The Spectacle Blog

ACORN Covering Up SEIU Ties?

By on 4.22.09 | 8:50PM

A photo retrieved from SEIU Local 100's website today. The original photo caption reads: "Organizers from Local 100, ACORN, and SEIU, supporters and attorneys celebrate our victory on February 3, 2002." The man with the sandy hair to the right of the microphones is Wade Rathke, founder and then-chief organizer of ACORN.


ACORN did a strange thing today.

It scrubbed its website of references to two of its key affiliates, Locals 100 and 880 of the Service Employees International Union (SEIU), an event reported by Kevin Mooney of the Washington Examiner.

Why would the radical left-wing ACORN do that? An observer I spoke with earlier today speculated that organized labor doesn't want to be associated with ACORN, which is pure PR poison, right now as it presses for the most important item on its legislative agenda: the misnamed Employee Free Choice Act (EFCA) also known as "card check."

Is the labor movement actually taking political heat for its ties to ACORN? It seems like a reasonable hypothesis but I don't have proof right now. Perhaps in time we'll find out. In any event, erasing the listings is weird.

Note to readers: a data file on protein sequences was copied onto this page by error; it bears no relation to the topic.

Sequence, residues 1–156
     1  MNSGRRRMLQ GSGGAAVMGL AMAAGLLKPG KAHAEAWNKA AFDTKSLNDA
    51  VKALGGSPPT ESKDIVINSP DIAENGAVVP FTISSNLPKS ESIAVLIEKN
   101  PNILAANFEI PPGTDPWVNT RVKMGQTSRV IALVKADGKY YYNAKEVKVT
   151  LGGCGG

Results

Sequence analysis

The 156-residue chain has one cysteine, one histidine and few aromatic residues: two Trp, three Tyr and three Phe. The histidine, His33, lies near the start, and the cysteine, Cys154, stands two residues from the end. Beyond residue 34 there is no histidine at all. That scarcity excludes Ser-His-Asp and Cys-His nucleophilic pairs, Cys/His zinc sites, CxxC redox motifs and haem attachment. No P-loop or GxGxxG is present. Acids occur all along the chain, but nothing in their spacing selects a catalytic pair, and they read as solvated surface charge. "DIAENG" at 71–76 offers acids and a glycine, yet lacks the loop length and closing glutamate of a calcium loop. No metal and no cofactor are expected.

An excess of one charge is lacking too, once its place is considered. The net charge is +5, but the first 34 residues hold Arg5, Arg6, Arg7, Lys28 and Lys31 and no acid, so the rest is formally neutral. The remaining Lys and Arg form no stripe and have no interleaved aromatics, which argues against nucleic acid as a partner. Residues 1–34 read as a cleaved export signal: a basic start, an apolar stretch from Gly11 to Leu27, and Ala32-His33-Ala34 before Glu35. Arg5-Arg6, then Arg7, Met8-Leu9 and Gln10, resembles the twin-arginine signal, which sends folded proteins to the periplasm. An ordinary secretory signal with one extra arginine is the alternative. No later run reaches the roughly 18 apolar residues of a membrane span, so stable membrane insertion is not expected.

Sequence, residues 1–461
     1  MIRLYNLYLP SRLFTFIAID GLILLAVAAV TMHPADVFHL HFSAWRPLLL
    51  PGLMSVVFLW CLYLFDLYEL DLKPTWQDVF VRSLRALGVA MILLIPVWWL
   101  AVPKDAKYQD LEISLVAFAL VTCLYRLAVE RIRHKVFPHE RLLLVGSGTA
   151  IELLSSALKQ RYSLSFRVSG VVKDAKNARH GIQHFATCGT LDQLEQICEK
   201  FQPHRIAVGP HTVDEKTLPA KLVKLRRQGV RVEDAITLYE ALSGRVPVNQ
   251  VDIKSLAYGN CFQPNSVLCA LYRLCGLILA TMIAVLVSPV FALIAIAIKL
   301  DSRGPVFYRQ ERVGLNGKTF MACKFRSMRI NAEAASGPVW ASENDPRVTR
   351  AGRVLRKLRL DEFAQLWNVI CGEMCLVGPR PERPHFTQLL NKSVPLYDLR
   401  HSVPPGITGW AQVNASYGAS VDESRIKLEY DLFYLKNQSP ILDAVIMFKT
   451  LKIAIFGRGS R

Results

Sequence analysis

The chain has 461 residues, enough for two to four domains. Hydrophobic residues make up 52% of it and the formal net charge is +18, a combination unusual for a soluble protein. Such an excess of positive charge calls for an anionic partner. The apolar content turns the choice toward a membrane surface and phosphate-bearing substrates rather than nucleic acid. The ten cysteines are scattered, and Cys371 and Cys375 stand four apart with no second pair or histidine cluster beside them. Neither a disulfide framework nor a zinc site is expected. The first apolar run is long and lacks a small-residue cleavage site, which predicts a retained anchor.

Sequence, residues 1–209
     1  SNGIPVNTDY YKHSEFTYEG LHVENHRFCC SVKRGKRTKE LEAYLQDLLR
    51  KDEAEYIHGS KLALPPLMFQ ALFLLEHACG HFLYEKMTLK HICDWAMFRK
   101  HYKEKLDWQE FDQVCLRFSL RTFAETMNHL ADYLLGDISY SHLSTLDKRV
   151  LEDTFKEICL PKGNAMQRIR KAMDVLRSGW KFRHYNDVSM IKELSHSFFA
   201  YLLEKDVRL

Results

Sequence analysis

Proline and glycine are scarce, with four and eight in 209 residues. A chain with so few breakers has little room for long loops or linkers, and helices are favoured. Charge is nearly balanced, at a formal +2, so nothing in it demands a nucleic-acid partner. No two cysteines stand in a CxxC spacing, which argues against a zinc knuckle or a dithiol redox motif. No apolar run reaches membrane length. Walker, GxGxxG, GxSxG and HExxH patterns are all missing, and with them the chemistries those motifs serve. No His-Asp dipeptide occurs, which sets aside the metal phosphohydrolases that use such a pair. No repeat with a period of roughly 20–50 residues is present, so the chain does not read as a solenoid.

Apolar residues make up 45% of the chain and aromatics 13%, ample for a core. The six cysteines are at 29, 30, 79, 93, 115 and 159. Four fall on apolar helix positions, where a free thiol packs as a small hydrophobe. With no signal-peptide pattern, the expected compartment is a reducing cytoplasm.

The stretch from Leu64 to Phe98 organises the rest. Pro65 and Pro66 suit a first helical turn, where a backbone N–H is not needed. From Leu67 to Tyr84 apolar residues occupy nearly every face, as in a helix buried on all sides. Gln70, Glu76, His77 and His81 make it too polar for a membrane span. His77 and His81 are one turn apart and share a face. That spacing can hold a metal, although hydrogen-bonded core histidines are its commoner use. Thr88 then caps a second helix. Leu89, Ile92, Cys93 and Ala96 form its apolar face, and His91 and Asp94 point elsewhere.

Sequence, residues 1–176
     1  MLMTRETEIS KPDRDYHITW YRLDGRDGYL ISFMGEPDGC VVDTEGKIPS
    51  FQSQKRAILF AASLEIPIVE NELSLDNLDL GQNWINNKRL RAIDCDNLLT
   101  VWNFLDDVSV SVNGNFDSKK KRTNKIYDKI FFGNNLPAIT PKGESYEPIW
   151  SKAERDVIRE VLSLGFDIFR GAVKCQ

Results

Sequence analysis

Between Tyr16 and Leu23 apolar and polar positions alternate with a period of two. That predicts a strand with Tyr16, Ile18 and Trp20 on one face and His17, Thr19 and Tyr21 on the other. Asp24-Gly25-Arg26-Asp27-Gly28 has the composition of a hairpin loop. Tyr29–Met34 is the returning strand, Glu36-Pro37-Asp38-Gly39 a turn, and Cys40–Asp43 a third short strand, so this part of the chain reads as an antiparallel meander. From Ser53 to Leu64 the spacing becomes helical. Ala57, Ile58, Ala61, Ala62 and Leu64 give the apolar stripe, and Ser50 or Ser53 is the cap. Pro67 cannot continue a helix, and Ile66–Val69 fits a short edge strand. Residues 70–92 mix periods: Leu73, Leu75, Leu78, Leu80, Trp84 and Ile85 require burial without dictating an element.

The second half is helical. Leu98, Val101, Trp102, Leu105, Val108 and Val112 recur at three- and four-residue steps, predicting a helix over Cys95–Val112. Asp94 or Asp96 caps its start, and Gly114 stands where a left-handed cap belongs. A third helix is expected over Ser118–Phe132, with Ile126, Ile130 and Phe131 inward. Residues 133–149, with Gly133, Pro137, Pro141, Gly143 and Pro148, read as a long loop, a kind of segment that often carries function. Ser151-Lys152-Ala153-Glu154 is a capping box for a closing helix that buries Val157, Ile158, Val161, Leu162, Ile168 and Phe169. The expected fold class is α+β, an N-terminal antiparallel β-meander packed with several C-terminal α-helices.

What is ACORN afraid of?

In detail, here's what went down:

ACORN, which until recently proudly listed Locals 100 and 880 of SEIU as affiliates, removed the short blurbs and logos of the two entities from its allied organizations page.

As of April 20, one day before Mooney's article on ACORN and its ties to unions ran in the Washington Examiner, the ACORN website page looked like this. (The link leads to a PDF of the page I made on Oct. 30, 2008.)

From the same website, here is a copy that I made on Oct. 24, 2008 of an official list of ACORN's affiliates, a document called "ACORN, ACORN Affiliate, and COUNCIL Offices."

Moreover, SEIU Local 100's most recent publicly available IRS Form 990 shows ACORN founder Wade Rathke as that local's chief organizer (see page 5 of above linked PDF file).

(For background information on ACORN, please see the November 2008 issues of Foundation Watch and Labor Watch, two monthly newsletters I edit at Capital Research Center.)

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